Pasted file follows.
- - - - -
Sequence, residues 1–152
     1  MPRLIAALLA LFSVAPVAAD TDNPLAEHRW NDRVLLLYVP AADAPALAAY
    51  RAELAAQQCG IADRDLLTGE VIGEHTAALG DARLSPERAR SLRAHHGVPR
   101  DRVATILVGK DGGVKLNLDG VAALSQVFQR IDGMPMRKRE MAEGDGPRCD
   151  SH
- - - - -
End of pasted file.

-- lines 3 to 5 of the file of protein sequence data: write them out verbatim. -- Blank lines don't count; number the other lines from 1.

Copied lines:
    51  RAELAAQQCG IADRDLLTGE VIGEHTAALG DARLSPERAR SLRAHHGVPR
   101  DRVATILVGK DGGVKLNLDG VAALSQVFQR IDGMPMRKRE MAEGDGPRCD
   151  SH